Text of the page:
I was listening to two of John Stott's sermons on mp3 today: "When God's People Pray" and "The Word of Life". I was told that he is an excellent preacher and he certainly is.
In "When God's People Pray", I have never heard very much of a good sermon on prayer until now. He brought out 4 points from Ephesians 2:18, "For through him we both have access to the Father by one Spirit." Prayer is first and foremost, access to the Father. That I feel is an excellent and more than that, a biblical definition of prayer; one I will be using from now on: access to the Father.
The four points are:
1. Access is to the Father
Prayers are directed to the Father, and thus they should be like a prayer of a child, simple. Stott says that our prayers sometimes can be too sophisticated, not simple enough. (How true! I tend to pray simple prayers in private but try to make them more sophisticated when in public. I see know how foolish that can be.)
2. Access is through the Son
Prayer should be performed in humility because it can only be done through the Son's sin bearing death. Let us not take that privilege for granted. Our utterances in prayer should be humble, not haughty or proud. (This reminds me of what I term as our "language of prayer". The next time we pray or hear a pray in church, try to take notice of the language we use, and conclude if it is a prayer that is humble and God-honouring or is it a prayer that begins every sentence with what sounds like a command: Lord, do this and Lord do that, even if it is a pleading prayer for the church or for others.)
3. Access is by the Spirit
Prayer is performed by the inspiration of the Holy Spirit. It is with intimacy, it is when the Spirit bear witness with our spirits that we are the children of God. He assures us of the lovingkindness of the Holy Father and the saving grace of our Saviour Jesus Christ. He takes our wayward undisciplined minds and focusses them upon God. He helps us to pray and lead us into the very presence of God.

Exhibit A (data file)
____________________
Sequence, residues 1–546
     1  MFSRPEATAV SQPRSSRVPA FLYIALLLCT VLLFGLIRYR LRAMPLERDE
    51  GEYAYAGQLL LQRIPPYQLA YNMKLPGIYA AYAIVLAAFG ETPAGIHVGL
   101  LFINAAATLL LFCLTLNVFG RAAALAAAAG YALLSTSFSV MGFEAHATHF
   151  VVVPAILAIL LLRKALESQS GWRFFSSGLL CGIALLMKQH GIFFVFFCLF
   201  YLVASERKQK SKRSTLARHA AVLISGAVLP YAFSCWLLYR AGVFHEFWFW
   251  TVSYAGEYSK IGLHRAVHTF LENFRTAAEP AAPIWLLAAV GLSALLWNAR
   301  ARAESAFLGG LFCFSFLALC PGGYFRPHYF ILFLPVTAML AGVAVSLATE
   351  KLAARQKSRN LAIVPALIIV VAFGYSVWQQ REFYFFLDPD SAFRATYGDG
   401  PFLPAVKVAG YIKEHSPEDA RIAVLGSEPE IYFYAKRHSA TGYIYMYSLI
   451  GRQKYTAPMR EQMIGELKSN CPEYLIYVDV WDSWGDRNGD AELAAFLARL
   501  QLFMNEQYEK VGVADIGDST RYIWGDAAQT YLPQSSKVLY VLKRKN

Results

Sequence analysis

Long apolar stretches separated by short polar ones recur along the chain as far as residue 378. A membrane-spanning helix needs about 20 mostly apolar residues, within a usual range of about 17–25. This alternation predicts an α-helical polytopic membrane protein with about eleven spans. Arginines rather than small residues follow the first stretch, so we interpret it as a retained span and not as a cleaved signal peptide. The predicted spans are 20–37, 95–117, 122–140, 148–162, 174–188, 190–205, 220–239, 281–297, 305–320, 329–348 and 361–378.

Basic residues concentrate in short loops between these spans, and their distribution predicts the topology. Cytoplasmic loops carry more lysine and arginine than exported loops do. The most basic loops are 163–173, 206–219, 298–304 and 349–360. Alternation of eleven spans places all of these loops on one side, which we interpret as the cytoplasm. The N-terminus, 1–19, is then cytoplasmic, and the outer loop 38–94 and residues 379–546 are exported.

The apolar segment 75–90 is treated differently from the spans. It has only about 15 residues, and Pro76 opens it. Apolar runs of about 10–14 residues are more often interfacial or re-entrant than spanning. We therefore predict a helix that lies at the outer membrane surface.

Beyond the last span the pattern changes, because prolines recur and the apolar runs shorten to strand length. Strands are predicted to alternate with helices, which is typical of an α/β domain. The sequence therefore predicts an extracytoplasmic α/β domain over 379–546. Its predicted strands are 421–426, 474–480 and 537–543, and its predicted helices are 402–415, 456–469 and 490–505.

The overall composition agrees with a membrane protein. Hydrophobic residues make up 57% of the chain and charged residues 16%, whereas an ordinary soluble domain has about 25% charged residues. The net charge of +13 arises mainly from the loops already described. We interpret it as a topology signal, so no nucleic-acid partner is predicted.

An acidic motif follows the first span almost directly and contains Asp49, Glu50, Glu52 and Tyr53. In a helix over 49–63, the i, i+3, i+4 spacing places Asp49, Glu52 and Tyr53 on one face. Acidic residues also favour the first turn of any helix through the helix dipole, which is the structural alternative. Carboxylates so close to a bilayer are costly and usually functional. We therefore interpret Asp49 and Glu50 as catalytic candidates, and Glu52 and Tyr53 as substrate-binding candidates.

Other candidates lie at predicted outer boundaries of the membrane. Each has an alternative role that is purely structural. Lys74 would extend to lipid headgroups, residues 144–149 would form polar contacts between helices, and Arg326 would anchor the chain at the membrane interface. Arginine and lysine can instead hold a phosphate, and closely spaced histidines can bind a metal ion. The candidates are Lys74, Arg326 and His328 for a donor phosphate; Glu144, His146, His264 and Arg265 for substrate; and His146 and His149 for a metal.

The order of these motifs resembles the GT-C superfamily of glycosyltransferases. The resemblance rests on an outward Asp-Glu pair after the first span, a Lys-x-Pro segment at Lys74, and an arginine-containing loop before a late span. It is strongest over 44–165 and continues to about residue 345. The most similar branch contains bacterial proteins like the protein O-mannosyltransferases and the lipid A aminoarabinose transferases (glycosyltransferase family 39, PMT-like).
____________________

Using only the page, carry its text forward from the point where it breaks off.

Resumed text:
4. Access is with all the people of God
When Paul says in Eph 2:18 that "we both have our access", he meant both Jews and Gentiles, in that we all have access to the Father as one community of prayer. When we pray, we must be reminded that we are praying as one universal body of Christ. When one prays, the prayer is among the many prayers of the people of God. So look not only on our own needs.
About "The Word of Life" sermon, what is interesting is that he brings out lessons we can learn from Doubting Thomas. What he says about our modern world is quite true - in that we look up on Thomas and commend him for doubting and for seeking for empirical proof in order to belief, because that is usually what we would seek for today. But Jesus rebuked him for that. The lesson to learn is this: it is more blessed to have not seen and yet believed. The words of the eyewitnesses of Christ, who are credible and reliable, are as good as empirical evidences.
Stott also has a way with words. He commented about Thomas being absent the first time when the disciples gathered when Jesus came amongst them. He talked about the "calculated risk taken by irregular churchgoers" and the "spiritual risk of spasmodic church attendance" as opposed to "spiritual blessings of disciplined regularity". Isn't that brilliant!